Zodiac: Elementary Gifts   5 comments

I was deeply already in research on the TI-99/4A computer, thinking I had left Zodiac behind for now, but of course, one of my hardy commenters (Voltgloss) decided to take up the gauntlet I left behind and figure out the rest. As usual for my victory posts, the rest of them are needed for context.

Pretty sure this is actually a tape for “Adventure I”, Death Satellite (as opposed to “Adventure II”), but given it is torn off right at the number it is hard to know for sure. Via Every Game Going.

So the most helpful hint Voltgloss gave was his giving the item list for entering the final section of the game (drinking the potion and entering the ice palace) which included the ring. I had indeed brought the ring (since it is worn it doesn’t take up inventory) but was still trying to rub it and had no luck, but for some reason it hadn’t occurred to me to take it off and try to GIVE it, even though I tried to GIVE all my other items.

Oho! Here I’m guessing most players found out that the door behind the guard is locked, and the key they most likely left behind was in fact still useful, so another reset it is. (I was forewarned — again, I had the item list — so I had the key already.)

A brief aside on the restarts: I think it is safe to say there was strong assumption at the time the final run at the game would be more a choreographed set of moves, rather than a coherent single-run story. This isn’t as alien as you might think; a lot of the time-loop games of current-vogue run on this principle, and from what I’ve heard, the “final run” on Outer Wilds requires a pretty exact run of this sort. The difference is that Outer Wilds has lots of modern conveniences and things to explore and unlock, and Zodiac is on an Atom with miniscule memory space. If it had some of those time-loop affordances it would be better regarded by modern players (not even a regular save game, but one that let you get very specific about where you wanted to jump on a whole timeline, or maybe the major feature of Hadean Lands that I don’t want to spoil for anyone who hasn’t played it).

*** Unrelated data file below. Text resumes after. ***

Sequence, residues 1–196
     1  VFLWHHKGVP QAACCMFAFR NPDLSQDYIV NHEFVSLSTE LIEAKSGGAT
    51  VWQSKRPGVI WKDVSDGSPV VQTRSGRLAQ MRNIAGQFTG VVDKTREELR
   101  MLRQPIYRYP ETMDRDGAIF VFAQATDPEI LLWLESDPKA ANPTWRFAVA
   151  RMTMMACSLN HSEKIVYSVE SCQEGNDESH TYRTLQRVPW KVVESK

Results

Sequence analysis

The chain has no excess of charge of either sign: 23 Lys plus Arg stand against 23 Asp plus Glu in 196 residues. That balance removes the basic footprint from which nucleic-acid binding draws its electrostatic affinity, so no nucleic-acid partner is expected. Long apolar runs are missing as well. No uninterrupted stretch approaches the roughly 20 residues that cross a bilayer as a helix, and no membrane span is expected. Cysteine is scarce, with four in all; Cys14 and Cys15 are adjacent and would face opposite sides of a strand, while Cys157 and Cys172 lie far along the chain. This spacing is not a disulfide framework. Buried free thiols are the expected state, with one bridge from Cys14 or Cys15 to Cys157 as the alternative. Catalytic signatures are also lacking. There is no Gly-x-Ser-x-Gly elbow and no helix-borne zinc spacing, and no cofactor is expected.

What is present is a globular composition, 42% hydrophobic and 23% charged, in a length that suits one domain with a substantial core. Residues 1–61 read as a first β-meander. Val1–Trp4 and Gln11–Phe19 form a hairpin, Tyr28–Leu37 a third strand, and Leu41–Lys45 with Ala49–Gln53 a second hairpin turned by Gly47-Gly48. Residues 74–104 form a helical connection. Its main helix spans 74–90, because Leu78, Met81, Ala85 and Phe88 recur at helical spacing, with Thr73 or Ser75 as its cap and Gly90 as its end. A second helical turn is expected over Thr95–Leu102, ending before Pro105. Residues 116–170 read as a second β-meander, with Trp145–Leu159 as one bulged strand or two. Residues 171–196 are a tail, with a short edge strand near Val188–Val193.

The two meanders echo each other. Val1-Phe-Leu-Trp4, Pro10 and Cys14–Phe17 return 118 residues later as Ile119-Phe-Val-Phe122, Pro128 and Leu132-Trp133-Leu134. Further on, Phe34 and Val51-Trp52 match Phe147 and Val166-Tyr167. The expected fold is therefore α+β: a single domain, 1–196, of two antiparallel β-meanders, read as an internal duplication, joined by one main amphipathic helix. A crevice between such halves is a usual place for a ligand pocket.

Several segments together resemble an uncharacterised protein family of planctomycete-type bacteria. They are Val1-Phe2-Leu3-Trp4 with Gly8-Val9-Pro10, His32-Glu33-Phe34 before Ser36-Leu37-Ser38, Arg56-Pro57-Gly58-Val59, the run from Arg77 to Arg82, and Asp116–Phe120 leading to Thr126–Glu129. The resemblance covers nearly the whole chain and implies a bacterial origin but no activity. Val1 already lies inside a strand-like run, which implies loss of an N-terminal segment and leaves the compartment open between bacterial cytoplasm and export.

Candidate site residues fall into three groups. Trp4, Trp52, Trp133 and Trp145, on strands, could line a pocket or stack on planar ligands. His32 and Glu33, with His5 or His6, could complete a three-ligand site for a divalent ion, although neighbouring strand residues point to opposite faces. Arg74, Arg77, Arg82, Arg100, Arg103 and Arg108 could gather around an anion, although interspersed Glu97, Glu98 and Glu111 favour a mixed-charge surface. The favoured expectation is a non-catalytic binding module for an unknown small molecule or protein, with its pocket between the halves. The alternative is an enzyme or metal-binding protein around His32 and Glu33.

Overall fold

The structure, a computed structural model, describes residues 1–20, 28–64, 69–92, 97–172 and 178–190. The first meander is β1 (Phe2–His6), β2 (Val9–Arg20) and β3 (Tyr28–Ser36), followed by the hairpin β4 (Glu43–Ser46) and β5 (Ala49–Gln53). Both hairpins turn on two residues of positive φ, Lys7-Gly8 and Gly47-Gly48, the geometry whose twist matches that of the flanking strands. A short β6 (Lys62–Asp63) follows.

…ok, we’re back from our theoretical didn’t-know-about-the-key restart.

I like “TREASURE LITTERS THE FLOORS” as a complete room description. “LITTERS” as in so prolific it is akin to trash, and “FLOORS” plural, giving a subtle sense of scale. Minimalism can feel like elegant poetry sometimes and not just awkward.

The gold let me bribe Sagittarius, who then let me take his bow. I’ll just spoil right now, although I didn’t work it out the first time, you can WEAR the bow, which is essential for inventory wrangling.

Then I had the not-bottomless-pit to deal with, and for whatever reason I came across a solution swiftly (I think, again, knowing my item restrictions was the answer; I knew there wasn’t a new spell from the spellbook I had to extract somehow, or weirdness involving plunging the axe into a wall and hanging off of it, or any other manner of strange object interactions.) I had typed HELP earlier and got


which would suggest, in most games, this is a command to let you know there are no built-in hints. But it suggested to me, especially in the mindset of this game, that there was, in fact, someone who could help elsewhere. Typing HELP while falling into the pit led to a giant hand scooping me up and dropping me into the next room, with a polar bear.

The final section of the game.

The polar bear was easy to fell with the bow, and then it was on to the final zodiac room, Capricorn.